How to add a new Squid feature, enhance, of fix something?
Adding new features, enhancing, or fixing Squid behavior usually requires source code modifications. Several options are generally available to those who need Squid development:
Wait for somebody to do it: Waiting is free but may take forever. If you want to use this option, make sure you file a bug report describing the bug or enhancement so that others know what you need. Posting feature requests to a mailing list is often useful because it can generate interest and discussion, but without a bug record, your request may be overlooked or forgotten.
Do it yourself: Enhancing Squid and working with other developers can be a very rewarding experience. However, this option requires understanding and modifying the source code, which is getting better, but it is still very complex, often ugly, and lacking documentation. These obstacles affect the required development effort. In most cases, you would want your changes to be incorporated into the official Squid sources for long-term support. To get the code committed, one needs to cooperate with other developers. It is a good idea to describe the changes you are going to work on before diving into development. Development-related discussions happen on squid-dev mailing list. Documenting upcoming changes as a bug report.
Pay somebody to do it: Many organizations and individuals offer commercial Squid development services. When selecting the developer, discuss how they plan to integrate the changes with the official Squid sources and consider the company past contributions to the Squid project. Please see the "Can I pay someone for Squid support?" entry for more details.
The best development option depends on many factors. Here is some project dynamics information that may help you pick the right one: Most Squid features and maintenance is done by individual contributors, working alone or in small development/consulting shops. In the early years (1990-2000), these developers were able to work on Squid using their free time, research grants, or similarly broad-scope financial support. Requested features were often added on-demand because many folks could work on them. Most recent (2006-2008) contributions, especially large features, are the result of paid development contracts, reflecting both the maturity of software and the lack of "free" time among active Squid developers.
Can I pay someone for Squid support?
Yes. Please see Squid Support Services. Unfortunately, that page is poorly maintained and has many stale/bogus entries, so exercise caution. Please do not email the Squid Project asking for official recommendations -- the Project itself cannot recommend specific Squid administrators or developers due to various conflicts of interests. However, if the Project could make official referrals, they would probably form a (tiny) subset of the listed entries.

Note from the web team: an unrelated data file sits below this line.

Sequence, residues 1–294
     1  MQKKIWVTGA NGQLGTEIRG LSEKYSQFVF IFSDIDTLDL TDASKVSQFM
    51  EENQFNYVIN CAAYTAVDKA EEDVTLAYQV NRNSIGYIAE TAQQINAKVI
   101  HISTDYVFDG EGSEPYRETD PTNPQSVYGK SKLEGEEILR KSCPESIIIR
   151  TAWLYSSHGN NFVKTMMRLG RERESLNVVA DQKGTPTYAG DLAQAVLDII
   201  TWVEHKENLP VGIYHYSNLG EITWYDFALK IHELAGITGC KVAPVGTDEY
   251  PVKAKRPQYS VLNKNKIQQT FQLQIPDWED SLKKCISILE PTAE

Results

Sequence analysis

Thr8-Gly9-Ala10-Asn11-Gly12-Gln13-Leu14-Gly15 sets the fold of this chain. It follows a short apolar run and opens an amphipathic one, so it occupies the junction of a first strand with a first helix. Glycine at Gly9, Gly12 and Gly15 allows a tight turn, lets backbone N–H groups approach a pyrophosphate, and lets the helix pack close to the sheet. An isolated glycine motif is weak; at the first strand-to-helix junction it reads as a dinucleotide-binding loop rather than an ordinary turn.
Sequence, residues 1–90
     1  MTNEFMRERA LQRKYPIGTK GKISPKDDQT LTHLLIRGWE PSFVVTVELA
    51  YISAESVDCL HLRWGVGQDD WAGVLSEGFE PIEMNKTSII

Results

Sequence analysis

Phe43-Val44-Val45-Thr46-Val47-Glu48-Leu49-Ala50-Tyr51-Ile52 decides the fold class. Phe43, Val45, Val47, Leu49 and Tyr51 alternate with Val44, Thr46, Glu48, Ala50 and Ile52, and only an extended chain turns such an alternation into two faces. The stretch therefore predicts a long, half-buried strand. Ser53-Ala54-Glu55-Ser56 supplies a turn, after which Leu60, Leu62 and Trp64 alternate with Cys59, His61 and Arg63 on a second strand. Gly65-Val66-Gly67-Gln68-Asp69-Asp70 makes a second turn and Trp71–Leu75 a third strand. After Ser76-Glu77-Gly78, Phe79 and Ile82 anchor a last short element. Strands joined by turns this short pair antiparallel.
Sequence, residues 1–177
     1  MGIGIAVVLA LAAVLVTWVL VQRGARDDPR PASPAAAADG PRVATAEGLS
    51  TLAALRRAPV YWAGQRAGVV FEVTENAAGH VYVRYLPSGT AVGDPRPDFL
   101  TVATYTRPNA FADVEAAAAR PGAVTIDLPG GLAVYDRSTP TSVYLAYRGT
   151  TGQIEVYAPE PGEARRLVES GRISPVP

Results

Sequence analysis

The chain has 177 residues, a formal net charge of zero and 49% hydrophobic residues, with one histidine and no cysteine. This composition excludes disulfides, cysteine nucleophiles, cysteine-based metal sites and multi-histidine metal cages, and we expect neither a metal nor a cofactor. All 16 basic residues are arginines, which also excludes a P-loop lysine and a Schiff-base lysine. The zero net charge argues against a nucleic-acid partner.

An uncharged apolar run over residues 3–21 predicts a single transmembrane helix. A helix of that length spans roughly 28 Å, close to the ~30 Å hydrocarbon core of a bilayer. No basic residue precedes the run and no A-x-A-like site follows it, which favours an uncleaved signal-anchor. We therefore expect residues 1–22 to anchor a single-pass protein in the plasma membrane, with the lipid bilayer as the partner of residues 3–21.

Besides the Services page, you can post a Request For Proposals to squid-users (Squid administration and integration) or squid-dev (Squid development) mailing list. A good RFP contains enough details (including your deadlines and Squid versions) for the respondents to provide a ballpark cost estimate. Expect private responses to your RFPs and avoid discussing private arrangements on the public mailing lists. Please do not email RFPs to the Project info@ alias for the reasons discussed in the previous paragraph.
You can also donate money or equipment to the Squid project.
Squid FAQ contributors
The following people have made contributions to this document:
Dodjie Nava, Jonathan Larmour, Cord Beermann, Tony Sterrett, Gerard Hynes, Katayama, Takeo, Duane Wessels, K Claffy, Paul Southworth, Oskar Pearson, Ong Beng Hui, Torsten Sturm, James R Grinter, Rodney van den Oever, Kolics Bertold, Carson Gaspar, Michael O'Reilly, Hume Smith, Richard Ayres, John Saunders, Miquel van Smoorenburg, David J N Begley, Kevin Sartorelli, Andreas Doering, Mark Visser, tom minchin, Jens-S. Vöckler, Andre Albsmeier, Doug Nazar, HenrikNordstrom, Mark Reynolds, Arjan de Vet, Peter Wemm, John Line, Jason Armistead, Chris Tilbury, Jeff Madison, Mike Batchelor, Bill Bogstad, Radu Greab, F.J. Bosscha, Brian Feeny, Martin Lyons, David Luyer, Chris Foote, Jens Elkner, Simon White, Jerry Murdock, Gerard Eviston, Rob Poe, FrancescoChemolli, ReubenFarrelly AlexRousskov AmosJeffries
About This Document
This FAQ was maintained for a long time as an XML Docbook file. It was converted to a Wiki in March 2006. The wiki is now the authoritative version.
Want to contribute?